LAS VEGAS (KLAS) — The CDC has reported nearly 17,000 cases of monkeypox in the U.S., with New York, California, Florida, and Texas seeing some of the highest rates in the country.
Universities across the U.S. have been waiting for students to start the new school semester, a much-anticipated return amid COVID-19, and now the possibility of the new threat of monkeypox.
While the virus isn’t a cause of alarm at UNLV, staff members said they’re prepared if a student becomes infected with monkeypox or any other contagious disease or illness.
While students are excited to get back to classes on campus on Monday, some said they are worried about monkeypox.
“With monkeypox, it’s a different story because it’s more visible, so I feel like it’s more scarier because if you see just a random dot on someone everyone assumes that you just have something,” said UNLV student Kim Ramirez.
“We don’t know who’s been in the class and where the other people have been, and they’re touching everything,” added student Jocelyn Villa.
Brain Labus is an epidemiologist at UNLV and told 8 News Now that while a classroom setting doesn’t pose a higher risk for monkeypox transmission, there is a concern for those living in the dorms.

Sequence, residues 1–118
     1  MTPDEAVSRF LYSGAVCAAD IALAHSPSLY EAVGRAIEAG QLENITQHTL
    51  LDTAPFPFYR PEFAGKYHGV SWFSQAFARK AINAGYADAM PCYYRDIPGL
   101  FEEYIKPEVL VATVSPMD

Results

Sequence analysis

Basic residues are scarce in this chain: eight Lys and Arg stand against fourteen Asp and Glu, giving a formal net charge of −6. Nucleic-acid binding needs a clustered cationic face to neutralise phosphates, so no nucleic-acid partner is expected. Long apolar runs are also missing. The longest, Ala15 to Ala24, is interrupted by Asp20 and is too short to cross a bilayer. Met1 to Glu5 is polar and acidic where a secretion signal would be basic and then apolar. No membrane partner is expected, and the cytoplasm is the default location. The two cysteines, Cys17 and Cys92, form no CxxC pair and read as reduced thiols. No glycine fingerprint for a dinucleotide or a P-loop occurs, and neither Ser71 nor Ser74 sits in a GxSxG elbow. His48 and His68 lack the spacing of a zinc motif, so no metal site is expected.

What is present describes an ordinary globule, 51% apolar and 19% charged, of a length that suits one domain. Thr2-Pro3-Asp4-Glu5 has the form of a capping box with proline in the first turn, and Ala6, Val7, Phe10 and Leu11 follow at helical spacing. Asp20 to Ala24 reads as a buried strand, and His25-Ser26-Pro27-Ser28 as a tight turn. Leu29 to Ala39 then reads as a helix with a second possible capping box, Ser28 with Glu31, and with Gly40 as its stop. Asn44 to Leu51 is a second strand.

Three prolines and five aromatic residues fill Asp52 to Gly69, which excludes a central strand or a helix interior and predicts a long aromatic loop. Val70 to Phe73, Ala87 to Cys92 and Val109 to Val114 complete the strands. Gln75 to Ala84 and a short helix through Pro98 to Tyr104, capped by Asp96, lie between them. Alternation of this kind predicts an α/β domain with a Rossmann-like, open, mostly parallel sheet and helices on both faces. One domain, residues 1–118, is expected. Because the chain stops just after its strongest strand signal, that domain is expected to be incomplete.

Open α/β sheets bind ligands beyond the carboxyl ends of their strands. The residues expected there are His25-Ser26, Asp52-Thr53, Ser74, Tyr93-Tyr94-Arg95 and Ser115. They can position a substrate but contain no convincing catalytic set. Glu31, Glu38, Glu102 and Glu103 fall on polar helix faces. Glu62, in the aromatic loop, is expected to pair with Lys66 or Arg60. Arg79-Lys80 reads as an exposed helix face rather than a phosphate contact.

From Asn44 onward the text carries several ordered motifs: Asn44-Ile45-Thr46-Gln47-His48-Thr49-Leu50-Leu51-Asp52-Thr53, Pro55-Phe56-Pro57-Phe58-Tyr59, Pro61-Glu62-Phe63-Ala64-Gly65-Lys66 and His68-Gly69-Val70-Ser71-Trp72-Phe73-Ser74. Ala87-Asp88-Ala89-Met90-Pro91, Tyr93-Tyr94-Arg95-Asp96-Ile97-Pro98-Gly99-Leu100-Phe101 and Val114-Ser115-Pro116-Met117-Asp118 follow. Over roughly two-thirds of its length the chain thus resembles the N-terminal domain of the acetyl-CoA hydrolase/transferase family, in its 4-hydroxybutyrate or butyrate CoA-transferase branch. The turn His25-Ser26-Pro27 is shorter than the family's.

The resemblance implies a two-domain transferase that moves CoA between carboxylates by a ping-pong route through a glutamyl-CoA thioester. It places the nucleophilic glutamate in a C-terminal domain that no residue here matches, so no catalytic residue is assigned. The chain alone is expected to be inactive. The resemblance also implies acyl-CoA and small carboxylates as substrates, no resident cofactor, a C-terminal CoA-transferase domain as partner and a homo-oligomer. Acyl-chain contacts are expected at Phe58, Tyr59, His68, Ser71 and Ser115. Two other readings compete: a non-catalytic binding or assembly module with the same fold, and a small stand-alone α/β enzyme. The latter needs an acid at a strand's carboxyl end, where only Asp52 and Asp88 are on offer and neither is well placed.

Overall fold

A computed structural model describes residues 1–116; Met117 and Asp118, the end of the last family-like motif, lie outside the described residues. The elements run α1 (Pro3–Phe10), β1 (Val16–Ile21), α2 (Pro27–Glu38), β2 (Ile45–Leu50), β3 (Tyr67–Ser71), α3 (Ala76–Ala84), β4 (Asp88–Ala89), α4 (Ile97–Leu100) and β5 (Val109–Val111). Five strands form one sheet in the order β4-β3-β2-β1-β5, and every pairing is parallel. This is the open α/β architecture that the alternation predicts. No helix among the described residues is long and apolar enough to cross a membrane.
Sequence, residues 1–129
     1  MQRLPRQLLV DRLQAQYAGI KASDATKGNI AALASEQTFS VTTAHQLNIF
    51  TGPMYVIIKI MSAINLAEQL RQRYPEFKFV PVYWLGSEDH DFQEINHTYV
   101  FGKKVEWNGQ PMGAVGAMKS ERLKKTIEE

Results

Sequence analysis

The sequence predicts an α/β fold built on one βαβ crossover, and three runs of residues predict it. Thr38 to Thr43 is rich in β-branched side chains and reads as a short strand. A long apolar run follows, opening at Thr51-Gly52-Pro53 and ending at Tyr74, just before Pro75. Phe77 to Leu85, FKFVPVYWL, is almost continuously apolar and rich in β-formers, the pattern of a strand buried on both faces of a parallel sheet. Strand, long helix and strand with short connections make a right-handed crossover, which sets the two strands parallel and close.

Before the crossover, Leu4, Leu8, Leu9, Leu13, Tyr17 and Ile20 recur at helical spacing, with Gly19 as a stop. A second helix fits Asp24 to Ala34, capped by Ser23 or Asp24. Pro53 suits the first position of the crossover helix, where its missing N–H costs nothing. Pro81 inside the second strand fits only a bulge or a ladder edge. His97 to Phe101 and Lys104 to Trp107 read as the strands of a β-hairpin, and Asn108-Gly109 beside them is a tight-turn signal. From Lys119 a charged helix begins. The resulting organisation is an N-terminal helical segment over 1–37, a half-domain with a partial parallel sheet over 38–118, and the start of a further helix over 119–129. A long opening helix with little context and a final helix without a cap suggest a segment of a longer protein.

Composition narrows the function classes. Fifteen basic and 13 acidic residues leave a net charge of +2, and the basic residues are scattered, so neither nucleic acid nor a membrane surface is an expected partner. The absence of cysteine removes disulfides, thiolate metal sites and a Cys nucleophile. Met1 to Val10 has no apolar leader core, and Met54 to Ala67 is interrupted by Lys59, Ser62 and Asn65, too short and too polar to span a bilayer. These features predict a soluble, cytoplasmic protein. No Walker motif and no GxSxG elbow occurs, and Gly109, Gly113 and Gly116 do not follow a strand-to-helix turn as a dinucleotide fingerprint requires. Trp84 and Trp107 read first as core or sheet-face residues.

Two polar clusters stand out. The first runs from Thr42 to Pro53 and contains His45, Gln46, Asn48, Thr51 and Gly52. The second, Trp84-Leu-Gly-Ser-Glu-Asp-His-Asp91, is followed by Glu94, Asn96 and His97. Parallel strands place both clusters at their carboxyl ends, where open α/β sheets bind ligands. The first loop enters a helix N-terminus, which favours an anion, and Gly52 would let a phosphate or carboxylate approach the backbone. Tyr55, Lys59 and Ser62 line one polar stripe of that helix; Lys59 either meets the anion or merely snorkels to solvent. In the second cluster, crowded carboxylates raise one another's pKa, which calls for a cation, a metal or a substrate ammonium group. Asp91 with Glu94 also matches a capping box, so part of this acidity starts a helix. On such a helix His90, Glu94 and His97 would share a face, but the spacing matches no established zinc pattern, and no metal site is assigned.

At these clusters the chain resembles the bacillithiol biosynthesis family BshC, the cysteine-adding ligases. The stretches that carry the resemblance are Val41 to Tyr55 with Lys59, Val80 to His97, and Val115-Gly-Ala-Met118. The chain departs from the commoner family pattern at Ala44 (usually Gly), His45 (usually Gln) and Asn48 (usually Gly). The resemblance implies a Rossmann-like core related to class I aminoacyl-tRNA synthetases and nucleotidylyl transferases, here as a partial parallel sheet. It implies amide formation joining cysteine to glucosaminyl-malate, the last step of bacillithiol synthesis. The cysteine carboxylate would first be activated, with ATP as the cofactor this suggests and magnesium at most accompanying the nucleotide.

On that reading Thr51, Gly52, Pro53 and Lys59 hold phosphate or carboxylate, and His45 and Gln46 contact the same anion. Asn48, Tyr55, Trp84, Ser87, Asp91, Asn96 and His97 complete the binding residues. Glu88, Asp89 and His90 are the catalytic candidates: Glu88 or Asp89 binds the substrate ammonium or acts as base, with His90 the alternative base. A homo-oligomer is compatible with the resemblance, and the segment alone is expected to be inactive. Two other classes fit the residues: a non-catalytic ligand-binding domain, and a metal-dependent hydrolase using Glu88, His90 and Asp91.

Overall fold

“If you’re living in close contact with others, we have to put special steps in place,” he said. “So we have isolation rooms available, we have the ability to bring people food and make sure they get the medical care that they need and protect them and people around them from the disease.”
If you’re concerned about the spread of monkeypox, Dr. Labus said to follow the general recommendations to protect yourself, including washing your hands and protecting yourself in intimate settings.
“We have a plan to deal with disease in general, we have that all the time on a college campus because people get all sorts of infections,” he added.
There is a limited supply of the monkeypox vaccine available at the health district, and Dr. Labus said it’s possible UNLV could provide shots once the vaccine is widely distributed.